Linda Mitchelmore’s post over Christmas triggered off lots of memories for me, especially about parcels from Canada and going to school in my sticky-out petticoat which was way too long. In the way memory ambles off down different byways that one triggered another.
Not long after I had started in primary three I, a voracious reader, had read all the books on the classroom’s lending shelf. Yep, one shelf of books was all we had – for a whole year. My father asked about membership to the local library but in those days for some reason a child had to be 10 years old before being allowed to borrow books from the children’s section. I was only seven. Maybe they thought 10 was the point at which the risk of scribbling in books passed, or that a child’s brain had sufficiently developed to be given unlimited access to books?
The first public library was Innerpeffray Library, established in 1680 as part of a school. The poet Allan Ramsay set up a circulating library in Edinburgh in 1725 and the miners’ libraries of Leadhills and Wanlockhead are the oldest subscription libraries. In 1853, the Public Libraries Act of 1853 came into force allowing taxes to be used to fund public libraries. Apparently growth was slow with some people objecting to their taxes being used for such a purpose.
My wonderful P3 teacher, Miss Irving, entered the fray and I was given permission to join. I can still so clearly see the little brown cardboard pocket with my name on the front. There was a diagonal cut across one corner. These were kept in a long wooden, shallow container on the librarian’s counter. Each book had an oblong ticket with the book’s details. This oblong ticket was put into the pocket when a book was borrowed and replaced inside the book’s pocket when it was returned. I have a feeling it might even have been a quicker system than the electronic one used today!
So, there I was, aged seven standing in front of shelves of books, literally spoilt for choice. The library had almost closed by the time I made my first selection. The highlight of my week was the trip to the library on late night opening. My parents were both avid readers – my mother of detective novels, my father of just about everything (except detective novels). My mother never went to the library so dad had the task of choosing her four books each week. He could never remember which ones she’d read and took to putting a pencil tick inside the back cover of every book he took out for her.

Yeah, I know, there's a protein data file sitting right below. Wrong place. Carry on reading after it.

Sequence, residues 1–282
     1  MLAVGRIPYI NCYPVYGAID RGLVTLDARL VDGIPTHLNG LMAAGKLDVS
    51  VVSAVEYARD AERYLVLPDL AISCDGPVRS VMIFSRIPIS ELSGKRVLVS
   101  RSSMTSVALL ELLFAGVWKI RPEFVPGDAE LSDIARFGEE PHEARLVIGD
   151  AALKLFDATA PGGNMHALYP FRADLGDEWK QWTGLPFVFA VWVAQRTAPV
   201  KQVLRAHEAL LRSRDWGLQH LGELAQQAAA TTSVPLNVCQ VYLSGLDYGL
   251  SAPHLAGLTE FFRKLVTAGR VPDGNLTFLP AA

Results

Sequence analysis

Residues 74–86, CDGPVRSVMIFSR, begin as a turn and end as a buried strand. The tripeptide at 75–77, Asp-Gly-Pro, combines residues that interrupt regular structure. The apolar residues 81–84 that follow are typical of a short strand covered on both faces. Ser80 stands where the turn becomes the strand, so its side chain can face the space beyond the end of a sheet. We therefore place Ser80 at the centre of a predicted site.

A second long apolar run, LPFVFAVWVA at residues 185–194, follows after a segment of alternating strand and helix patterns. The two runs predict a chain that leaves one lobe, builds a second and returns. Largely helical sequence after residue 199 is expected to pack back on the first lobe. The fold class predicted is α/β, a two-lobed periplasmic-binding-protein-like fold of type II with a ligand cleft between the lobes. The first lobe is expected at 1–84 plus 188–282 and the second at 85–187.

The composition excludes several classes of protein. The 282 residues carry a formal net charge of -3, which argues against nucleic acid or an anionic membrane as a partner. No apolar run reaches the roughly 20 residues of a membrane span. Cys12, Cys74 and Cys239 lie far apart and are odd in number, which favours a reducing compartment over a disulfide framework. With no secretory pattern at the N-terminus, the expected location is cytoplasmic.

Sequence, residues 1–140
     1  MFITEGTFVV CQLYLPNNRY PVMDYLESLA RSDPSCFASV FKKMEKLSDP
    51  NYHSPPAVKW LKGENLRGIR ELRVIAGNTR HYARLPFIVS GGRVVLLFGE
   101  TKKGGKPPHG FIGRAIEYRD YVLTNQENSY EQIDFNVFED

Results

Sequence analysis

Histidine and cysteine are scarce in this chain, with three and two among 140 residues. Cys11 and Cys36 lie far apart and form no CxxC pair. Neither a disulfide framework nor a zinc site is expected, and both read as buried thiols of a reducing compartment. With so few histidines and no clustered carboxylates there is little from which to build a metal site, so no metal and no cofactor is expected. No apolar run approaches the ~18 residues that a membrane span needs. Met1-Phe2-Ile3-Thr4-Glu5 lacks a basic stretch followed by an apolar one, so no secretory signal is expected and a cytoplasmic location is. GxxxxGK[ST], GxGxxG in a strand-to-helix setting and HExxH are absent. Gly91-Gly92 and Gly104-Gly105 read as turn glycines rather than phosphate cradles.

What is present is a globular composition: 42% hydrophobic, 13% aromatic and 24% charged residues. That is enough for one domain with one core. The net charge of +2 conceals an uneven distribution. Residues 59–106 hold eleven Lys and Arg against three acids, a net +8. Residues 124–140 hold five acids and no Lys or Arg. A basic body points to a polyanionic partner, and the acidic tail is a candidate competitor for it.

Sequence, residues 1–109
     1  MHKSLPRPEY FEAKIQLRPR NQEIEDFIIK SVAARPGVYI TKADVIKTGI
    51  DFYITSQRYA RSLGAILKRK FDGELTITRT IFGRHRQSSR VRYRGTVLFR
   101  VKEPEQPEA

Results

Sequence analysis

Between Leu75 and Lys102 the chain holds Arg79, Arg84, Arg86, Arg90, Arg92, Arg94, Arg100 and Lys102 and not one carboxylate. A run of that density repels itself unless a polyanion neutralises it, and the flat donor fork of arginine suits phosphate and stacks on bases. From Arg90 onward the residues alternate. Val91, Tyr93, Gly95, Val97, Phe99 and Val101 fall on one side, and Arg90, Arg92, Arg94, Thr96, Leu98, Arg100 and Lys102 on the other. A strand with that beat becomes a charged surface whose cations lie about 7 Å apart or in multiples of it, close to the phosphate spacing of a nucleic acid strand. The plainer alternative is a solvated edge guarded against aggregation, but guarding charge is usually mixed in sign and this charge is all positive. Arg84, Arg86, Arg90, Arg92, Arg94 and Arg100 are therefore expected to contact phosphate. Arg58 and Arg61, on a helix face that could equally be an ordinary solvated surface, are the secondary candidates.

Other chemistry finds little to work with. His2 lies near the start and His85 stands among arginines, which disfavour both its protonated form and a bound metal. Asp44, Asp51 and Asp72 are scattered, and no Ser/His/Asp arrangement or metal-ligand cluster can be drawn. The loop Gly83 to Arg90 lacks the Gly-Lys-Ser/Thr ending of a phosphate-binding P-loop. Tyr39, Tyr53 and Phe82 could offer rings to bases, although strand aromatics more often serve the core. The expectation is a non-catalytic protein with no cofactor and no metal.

Nowadays, of course, parents are encouraged to take their children to the library before they even reach school age and libraries cater for their young customers with a whole range of colourful picture books. Libraries often have story telling sessions for tots which involve much laughter and clapping – the sort of thing which would have been frowned on in the days I joined the library. They really were silent places but why would anyone need to chat when faced with the delicious task of choosing books?
Over the years, the library gave me freedom – to inhabit other worlds, to go on adventures, to lose myself in the joy of reading. Meeting up with a cousin recently she said she always remembered me as having my nose stuck in a book. ‘Going to the library’ was always something I was allowed to do without having to answer twenty questions on the who with, what will you be doing, when will you back theme.
My reading was never censored at home although I remember dad being quite upset when he discovered I’d read one of the books he’d borrowed. I can’t remember the title but I will never forget the contents. It was by a survivor of Auschwitz and I was transfixed and appalled by the unimaginable horrors into which I plunged. Dad was concerned I was too young to know about such things but I’d read it and such things can never be un-read. I think my recurring nightmare of hiding in a corner of the attic listening to the tramping boots coming towards the house began then.
Now, I have to confess for many years I let my library membership lapse. For part of the time I lived abroad but even when I came home I did not immediately re-join the library. I’m not sure why – books were cheaper to buy, I suppose. And I like owning books I don’t have to give back. It was only when much noise was being made about closing libraries a year or so ago I stirred myself into becoming a member again.
Apparently around 42 million items are loaned through Scotland’s libraries each year: not only books but videos, CDs, DVDs, computer software, audio books. My library looks very different from when I joined 50 years ago (did I really just say that – 50!) – bright, cheerful, not silent and computers are dotted around the place.
Still, when standing in front of all those books – spoilt for choice – I can still feel the same sense of sheer delight I felt all those years ago.